3D growth allowed plants to move from water to land

When genes that help regulate 3D growth are disrupted, cells at the base of moss shoots show amorphous patterns of cell division.

For plant life to transition from water to land some 450 million years ago, a number of adaptions needed to occur. One innovation made by those first land plants was to grow in three dimensions, as their algal descendants only grew in two dimensions, in stringy filaments and flat mats.

For the first time, an international team of researchers has uncovered the genetic underpinnings that allowed 3D growth in land plants. The study, authored by Cornell and University of Bristol researchers, among others, was published in the Aug. 6 Current Biology.

The researchers identified a number of genes that facilitate three-dimensional growth in a modern moss (Physcomitrella patens). The genes are involved in the CLAVATA signaling pathway, which includes signaling proteins known as peptides and related receptors.

“It’s clear that CLAVATA signaling is critical for carrying out the transition to 3D growth in moss, and that each of the components comprising the pathway can only be found in land-plant genomes – not in two-dimensionally growing algal lineages,” said Joseph Cammarata, a co-first author of the study and a graduate student in the lab of Adrienne Roeder, associate professor at Cornell’s Weill Institute for Cell and Molecular Biology, and in the lab of Michael Scanlon, professor in the Plant Biology Section of the School of Integrative Plant Science. Scanlon and Roeder are co-authors on the paper.

That CLAVATA signaling is found only in land plants suggests that once they colonized land, the evolution of CLAVATA signaling contributed to the formation of upright plant forms, which are better able to capture light, disperse spores and, later, seeds, Cammarata said.

When Physcomitrella moss develops from spores into an adult plant, its growth mimics the larger evolutionary pattern that enabled plant life’s move to land, where tissues oriented in 2D give rise to 3D structures. In Physcomitrella moss, a stem cell on the shoot, called a meristem, divides repeatedly, but at first in only one direction, creating flat stringy tissue, like algae. As the shoot cells continue to divide, they start growing in three dimensions.

The researchers used a variety of genetic tools and techniques to disable genes that regulate specific signaling peptides in the CLAVATA pathway. When they mutated these genes, shoot tissues formed into amorphous blobs, but only after the first few divisions, once they reached a stage of three-dimensional growth.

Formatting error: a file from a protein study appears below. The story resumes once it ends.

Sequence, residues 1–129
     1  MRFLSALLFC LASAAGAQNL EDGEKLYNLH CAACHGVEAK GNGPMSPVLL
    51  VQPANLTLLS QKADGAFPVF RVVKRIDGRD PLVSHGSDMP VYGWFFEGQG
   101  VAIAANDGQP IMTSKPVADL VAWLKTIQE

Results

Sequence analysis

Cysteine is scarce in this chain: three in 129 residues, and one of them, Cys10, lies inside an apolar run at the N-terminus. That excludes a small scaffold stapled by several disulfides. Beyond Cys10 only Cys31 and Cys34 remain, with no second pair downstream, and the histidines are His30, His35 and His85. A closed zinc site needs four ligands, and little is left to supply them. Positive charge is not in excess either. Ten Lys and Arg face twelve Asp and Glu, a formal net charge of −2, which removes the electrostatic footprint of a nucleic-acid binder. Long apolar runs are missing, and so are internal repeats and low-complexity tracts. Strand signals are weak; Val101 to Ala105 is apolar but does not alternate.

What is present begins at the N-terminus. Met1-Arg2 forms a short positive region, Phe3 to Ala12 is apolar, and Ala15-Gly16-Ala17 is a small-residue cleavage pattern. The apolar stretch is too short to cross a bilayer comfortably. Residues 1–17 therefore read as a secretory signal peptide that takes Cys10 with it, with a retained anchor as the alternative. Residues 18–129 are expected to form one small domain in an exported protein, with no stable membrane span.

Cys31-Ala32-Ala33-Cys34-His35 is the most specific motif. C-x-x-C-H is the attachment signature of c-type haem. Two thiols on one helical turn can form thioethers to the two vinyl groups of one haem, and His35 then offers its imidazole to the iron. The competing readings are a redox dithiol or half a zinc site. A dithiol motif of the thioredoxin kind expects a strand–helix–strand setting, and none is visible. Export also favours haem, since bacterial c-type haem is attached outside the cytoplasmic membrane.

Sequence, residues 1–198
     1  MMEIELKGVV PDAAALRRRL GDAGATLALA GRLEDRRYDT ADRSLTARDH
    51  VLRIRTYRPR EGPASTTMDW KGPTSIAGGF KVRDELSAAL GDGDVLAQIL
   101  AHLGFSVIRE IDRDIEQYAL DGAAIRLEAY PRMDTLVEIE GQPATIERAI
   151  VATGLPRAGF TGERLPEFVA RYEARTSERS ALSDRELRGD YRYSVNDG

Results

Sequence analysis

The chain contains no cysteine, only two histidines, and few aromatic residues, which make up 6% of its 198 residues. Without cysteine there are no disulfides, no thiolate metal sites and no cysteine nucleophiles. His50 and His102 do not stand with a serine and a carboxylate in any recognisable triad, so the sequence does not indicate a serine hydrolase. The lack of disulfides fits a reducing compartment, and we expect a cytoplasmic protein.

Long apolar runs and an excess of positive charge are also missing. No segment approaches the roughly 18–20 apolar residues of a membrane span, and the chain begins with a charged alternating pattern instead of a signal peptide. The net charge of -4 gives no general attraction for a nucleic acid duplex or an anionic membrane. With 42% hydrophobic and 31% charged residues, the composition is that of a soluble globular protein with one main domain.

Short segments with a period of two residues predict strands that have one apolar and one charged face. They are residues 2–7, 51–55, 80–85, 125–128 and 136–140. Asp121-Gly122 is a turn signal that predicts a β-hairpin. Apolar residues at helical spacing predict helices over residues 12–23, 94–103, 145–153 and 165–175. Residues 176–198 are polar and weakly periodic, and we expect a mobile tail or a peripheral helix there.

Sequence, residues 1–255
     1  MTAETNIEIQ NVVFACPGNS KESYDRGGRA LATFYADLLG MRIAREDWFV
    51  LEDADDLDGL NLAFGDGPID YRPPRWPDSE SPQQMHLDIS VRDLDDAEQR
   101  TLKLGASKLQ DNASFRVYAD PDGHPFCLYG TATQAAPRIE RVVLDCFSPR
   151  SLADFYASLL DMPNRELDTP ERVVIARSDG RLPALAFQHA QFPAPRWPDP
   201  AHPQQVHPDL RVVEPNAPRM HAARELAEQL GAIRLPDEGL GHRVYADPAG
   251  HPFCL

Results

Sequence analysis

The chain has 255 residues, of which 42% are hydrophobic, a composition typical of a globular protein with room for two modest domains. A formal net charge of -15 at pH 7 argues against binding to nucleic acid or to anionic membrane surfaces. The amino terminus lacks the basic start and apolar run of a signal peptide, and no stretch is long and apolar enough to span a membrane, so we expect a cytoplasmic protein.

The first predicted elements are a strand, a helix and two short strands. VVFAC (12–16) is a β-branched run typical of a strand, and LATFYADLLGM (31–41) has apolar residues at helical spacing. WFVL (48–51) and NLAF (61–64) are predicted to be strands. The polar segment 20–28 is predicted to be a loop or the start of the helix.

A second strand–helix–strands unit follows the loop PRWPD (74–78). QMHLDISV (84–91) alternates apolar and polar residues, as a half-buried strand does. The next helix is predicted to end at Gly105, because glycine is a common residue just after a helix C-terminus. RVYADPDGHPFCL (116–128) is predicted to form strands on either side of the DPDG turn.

The CLAVATA pathway has been previously studied in flowering plants, including Arabidopsis thaliana, a model plant often used in research. That previous work focused on regulation of meristem cells, which divide to develop shoots. The current study suggests the CLAVATA pathway serves two functions in both Physcomitrella and Arabidopsis: It regulates the meristem cells as well as orientation of cells along planes (3D growth). The researchers believe regulating orientation of cell divisions may have been an ancient function of the pathway, which aided the transition to land.

“The mutants [experimental mosses] all have defects in those division planes, so we think it is critical. We think that’s the ancient function of this pathway,” Scanlon said. “We went back and looked in plants like Arabidopsis, and we saw, yeah, they also had defects in cell division planes [when the CLAVATA pathway was altered], which was previously undescribed. We think maybe the regulation of the stem cells evolved later.”

Said Cammarata: “More work in other plant lineages on CLAVATA signaling will really help us to understand more about how this pathway and land-plant architectures evolved.”

The paper’s senior author is Jill Harrison, a senior lecturer at the University of Bristol in the United Kingdom, and former research fellow at the University of Cambridge. Chris Whitewoods, co-first author, is a former graduate student in Harrison’s lab. Cammarata received his master’s from the University of Cambridge, where he also worked in Harrison’s lab.

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